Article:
Rains of Arizona

Winter rains soak the scorched urban landscape...

Hard rain hits this desert city so infrequently it gives a new meaning to the term desert pavement, which usually refers to the compacted sand and rock on the open range dry desert floor, that creates severe flooding runoff when it does rain. In the urban landscape there is literal man made pavement with insufficient man made drainage to handle the two seasons a year rain hits fast and furious in copious torrents. Just as the natural desert pavement is unable to absorb that amount of moisture into the ground in such a short time, neither can the manufactured pavement of a metropolitan area. It is an intensely exciting period of baptism by immersion and being washed cleaned.

Raindrops fall like bullets in rapid fire machine gun like from the stratosphere above assailing the ground. It happens so quickly with so much force that as it strikes the ground it quickly pools. Even the best inner-city drainage systems are unable to handle these storms. They're built for the gentler more subtle ones that are most likely to occur in between. Since gully washers are so infrequent in the desert the city doesn't have much opportunity to wash off the oil and grime that collects the dust and dirt of daily life. The combination of the two makes anything motorized with wheels float and glide above it with only perpetual motion and grace to guide them. It is a case of driver and all others beware for nature has momentarily asserted control.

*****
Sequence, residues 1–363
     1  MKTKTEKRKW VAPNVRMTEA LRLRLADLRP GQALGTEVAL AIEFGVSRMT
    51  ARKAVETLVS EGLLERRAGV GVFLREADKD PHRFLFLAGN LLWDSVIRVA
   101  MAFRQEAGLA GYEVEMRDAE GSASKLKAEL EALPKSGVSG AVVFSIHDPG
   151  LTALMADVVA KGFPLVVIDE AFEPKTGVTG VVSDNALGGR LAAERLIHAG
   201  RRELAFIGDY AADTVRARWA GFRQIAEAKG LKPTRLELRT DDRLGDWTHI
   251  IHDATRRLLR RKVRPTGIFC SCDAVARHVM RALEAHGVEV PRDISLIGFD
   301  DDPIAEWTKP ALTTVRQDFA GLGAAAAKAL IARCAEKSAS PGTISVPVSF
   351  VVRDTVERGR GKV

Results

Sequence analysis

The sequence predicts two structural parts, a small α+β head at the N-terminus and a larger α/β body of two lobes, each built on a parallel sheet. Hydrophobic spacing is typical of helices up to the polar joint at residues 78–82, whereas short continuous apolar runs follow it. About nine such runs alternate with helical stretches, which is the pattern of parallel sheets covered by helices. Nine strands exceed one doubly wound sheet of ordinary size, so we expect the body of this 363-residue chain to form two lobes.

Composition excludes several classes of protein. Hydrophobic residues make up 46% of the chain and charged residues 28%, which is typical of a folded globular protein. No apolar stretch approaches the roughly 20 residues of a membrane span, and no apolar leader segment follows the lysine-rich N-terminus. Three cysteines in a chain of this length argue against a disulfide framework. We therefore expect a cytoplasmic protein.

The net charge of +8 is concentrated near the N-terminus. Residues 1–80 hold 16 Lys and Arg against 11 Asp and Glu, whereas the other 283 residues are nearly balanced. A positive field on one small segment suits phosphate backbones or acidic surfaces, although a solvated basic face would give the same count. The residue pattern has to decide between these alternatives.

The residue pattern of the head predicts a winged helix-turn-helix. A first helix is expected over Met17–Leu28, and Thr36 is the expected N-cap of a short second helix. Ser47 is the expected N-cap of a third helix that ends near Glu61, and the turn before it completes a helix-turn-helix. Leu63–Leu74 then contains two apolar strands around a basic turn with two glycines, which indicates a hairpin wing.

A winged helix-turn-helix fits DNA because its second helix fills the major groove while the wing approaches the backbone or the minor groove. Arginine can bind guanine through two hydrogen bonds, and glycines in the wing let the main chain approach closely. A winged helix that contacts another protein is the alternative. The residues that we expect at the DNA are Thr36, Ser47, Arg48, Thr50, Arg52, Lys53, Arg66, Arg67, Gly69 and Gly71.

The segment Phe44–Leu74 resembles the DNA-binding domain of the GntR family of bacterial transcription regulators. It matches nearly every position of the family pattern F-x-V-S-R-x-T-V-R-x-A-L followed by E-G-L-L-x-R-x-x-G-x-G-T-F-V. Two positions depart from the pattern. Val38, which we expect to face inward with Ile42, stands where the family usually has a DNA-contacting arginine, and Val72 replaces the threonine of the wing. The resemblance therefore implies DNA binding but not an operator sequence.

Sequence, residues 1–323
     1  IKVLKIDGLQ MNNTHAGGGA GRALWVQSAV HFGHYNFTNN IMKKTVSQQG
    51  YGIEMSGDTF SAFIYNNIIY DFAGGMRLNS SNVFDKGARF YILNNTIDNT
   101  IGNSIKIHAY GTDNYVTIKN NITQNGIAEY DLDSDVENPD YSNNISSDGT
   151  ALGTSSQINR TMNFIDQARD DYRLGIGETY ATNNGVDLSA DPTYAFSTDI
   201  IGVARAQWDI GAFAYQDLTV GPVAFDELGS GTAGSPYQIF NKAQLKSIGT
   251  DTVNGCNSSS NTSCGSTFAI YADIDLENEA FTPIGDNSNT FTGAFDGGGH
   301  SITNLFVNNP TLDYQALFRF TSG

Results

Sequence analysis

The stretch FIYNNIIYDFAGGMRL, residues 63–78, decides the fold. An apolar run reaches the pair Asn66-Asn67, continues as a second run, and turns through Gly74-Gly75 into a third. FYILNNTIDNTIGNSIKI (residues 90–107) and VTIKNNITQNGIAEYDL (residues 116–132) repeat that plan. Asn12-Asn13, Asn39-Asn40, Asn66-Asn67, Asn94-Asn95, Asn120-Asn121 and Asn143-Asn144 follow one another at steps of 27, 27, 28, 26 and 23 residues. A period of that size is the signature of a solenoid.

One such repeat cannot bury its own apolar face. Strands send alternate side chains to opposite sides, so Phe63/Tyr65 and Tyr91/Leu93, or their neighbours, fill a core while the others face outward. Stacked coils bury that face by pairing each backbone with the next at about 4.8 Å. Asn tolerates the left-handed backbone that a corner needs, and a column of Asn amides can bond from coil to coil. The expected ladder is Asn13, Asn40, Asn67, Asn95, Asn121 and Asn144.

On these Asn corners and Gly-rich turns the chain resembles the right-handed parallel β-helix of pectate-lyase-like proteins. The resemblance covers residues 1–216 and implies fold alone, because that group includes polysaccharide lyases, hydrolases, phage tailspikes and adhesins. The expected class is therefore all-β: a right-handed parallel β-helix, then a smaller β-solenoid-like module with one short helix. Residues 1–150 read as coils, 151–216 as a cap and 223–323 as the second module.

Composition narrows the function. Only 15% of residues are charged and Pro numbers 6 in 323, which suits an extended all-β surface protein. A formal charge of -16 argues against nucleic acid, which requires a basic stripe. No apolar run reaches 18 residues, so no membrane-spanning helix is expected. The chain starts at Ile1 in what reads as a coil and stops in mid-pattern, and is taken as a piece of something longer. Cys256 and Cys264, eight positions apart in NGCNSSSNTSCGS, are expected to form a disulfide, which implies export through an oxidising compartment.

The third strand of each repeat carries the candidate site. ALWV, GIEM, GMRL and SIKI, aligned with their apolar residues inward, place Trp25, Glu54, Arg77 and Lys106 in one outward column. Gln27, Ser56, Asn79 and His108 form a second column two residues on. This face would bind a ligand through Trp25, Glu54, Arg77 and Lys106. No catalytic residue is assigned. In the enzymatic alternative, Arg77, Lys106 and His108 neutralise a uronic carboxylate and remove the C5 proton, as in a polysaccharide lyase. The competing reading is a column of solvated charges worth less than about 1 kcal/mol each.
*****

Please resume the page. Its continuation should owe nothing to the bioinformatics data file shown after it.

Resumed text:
These storms are a cause for celebration to urban and suburban desert dwellers. The sky, the air, the roofs, the buildings, the roads, everything is washed clean. The brief period when the storm is pelting the ground everything either dramatically slows or grinds to a complete stop. Indeed for awhile those caught driving in it may be in for as rough a time as intimidating as being stuck in a blizzard in Des Moines. Then slowly the streets and sidewalks drain into any overflow available eventually to make it underground where it will be stored during the long dry spell until the next storm. Life returns to normal only with a fresh, clean new start. The city has been replenished and reborn.


  1. As usual beautiful photographs and thoughtful words. Now just think if every building were equipped with rain gutters and a water tank. there would be a lot less flooding and you could grow more plants with the free water.

  2. Thanks Mary. You are so right, where I grew up in Bermuda, before we came back to Arizona, our houses were made of limestone and underneath was a large limestone tank the size of a basement. The rain ran off into the tank and that's what we had. There is very little fresh water supply and not public system so we had to carefully use what we had. We had a lush vegetable garden since it was nutrient rich from the soil and rainwater. We really need to get serious about rainwater harvesting in this country.